• I Just Want to Be Loved: Thane the Troll explains that he has saved many people in Mirewood, but every time he shows them what he is, they all either run or try to attack him. The worst thing to him is seeing "that face" in the people he has rescued, which is why he no longer shows himself to others, preferring to be seen as the mythical King in the Wood. When asked if maybe all Trolls are just misunderstood, Thane is quick to point out that most of the Trolls he's met really are Jerk Asses. In the second book's epilogue, he ends up saving Duine Poldo from being robbed and killed by a carriage driver. Poldo is the first person in Thane's memory not to react to him as a monster. In fact, Duine offers him a job as his bodyguard.
  • Impossible Thief: Heraldin has magic fingers when it comes to locks. To others, it looks like he barely even taps a lock, and it opens.
  • Informing the Fourth Wall: The gazer (a flying mechanical construct animated by sprites) Gorm gets from an assassin eventually breaks down, starts wandering around and saying things like "It looks like this item doesn't work here."
  • Insistent Terminology: Heraldin is very insistent on not using the term "thief" for his former profession, lest one Benny Hookhand find out.
  • Jerkass Hero: The adventurer at the beginning of the novel, who ruins the farmer's crops and buildings, sleeps with his daughter, while clearing out a Goblin infestation and then demands payment in spite of the damages. Whenever the farmer brings up the collateral damage, the adventurer simply shrugs and says "Standard procedure." Luckily for the farmer, one Goblin survives and runs off, so the farmer forces the adventurer to stick to the letter of the contract and kill every single Goblin in the area.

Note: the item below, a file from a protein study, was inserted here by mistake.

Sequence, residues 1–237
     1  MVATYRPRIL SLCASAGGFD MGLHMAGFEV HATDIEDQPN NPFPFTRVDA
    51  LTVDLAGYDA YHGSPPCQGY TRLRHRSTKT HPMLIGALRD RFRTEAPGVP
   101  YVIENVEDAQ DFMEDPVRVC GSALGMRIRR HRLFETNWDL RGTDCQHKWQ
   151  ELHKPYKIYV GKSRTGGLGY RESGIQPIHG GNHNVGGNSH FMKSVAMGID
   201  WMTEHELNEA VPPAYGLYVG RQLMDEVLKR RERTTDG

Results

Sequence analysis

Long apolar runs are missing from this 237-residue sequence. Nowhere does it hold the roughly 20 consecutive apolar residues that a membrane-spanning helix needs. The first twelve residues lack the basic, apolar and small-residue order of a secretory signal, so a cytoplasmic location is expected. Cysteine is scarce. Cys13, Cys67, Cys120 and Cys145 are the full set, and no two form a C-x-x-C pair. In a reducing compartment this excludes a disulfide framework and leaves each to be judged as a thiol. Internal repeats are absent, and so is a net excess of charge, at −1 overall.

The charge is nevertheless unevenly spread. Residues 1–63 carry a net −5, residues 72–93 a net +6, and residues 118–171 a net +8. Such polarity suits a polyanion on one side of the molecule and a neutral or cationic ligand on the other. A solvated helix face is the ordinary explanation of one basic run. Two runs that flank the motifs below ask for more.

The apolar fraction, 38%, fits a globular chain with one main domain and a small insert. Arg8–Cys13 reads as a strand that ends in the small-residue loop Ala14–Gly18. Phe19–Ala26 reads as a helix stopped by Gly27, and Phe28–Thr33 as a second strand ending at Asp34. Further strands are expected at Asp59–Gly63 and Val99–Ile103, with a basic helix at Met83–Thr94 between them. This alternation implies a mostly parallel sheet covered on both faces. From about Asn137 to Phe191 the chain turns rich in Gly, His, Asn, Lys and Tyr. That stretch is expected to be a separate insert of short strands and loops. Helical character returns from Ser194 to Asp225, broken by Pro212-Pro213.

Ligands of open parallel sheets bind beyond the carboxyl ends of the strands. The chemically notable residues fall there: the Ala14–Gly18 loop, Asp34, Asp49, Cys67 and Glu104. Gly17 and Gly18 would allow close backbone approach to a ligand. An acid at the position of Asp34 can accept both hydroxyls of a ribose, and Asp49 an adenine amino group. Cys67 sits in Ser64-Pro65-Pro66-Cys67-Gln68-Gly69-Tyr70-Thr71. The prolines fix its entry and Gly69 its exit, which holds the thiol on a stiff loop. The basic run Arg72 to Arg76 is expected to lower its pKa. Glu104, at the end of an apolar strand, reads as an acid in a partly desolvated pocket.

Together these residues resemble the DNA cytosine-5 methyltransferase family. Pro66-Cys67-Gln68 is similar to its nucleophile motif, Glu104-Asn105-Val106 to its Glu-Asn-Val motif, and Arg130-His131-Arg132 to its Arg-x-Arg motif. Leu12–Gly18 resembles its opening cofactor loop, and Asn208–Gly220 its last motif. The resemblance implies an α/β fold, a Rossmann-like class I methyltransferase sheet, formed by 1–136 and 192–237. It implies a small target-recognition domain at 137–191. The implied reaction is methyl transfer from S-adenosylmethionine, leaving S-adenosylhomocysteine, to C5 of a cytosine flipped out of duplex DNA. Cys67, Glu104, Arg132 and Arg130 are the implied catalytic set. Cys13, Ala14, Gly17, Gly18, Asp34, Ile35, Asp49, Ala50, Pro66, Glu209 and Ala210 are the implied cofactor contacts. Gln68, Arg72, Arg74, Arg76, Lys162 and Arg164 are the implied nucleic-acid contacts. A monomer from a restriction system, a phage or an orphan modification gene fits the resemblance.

• Living Weapon: Most Heroes know to stay clear of these, as they tend to do whatever they feel like. In the second novel, the protagonists need to obtain the ancient Wyrmwood Staff of Geffyn, a powerful omnimancer artifact. Detarr Ur'Mayan convinces it to switch sides. Later, the protagonists are surprised to learn that the infamous crime lord Benny Hookhand is a hook, who takes control over the body of any person touching him. Heraldin knew, and was actually Benny's host body for a time, but never specified Benny's nature.
  • Loophole Abuse: In the second book, Gorm figures out a way to stop the undead army, while also keeping Johan from profiting from it. He convinces the king of the Old Dwarven Kingdom to give the Red Horde Dwarven citizenship, as well as membership in the Dwarven branch of the Heroes' Guild. After the combined Dwarf-Shadowkin army helps to drive the undead away from Andarun, the Dwarven king tells Johan that the Freedlands has no claim on the recovered loot. Why? Because the Dwarven Heroes were fulfilling a quest originally submitted by the Ruskans, not the nearly identical quest submitted by the Freedlands. Saving the capital of the Freedlands was just a side benefit. Thus, the only parties with a claim on the loot are the Dwarves and Ruskan.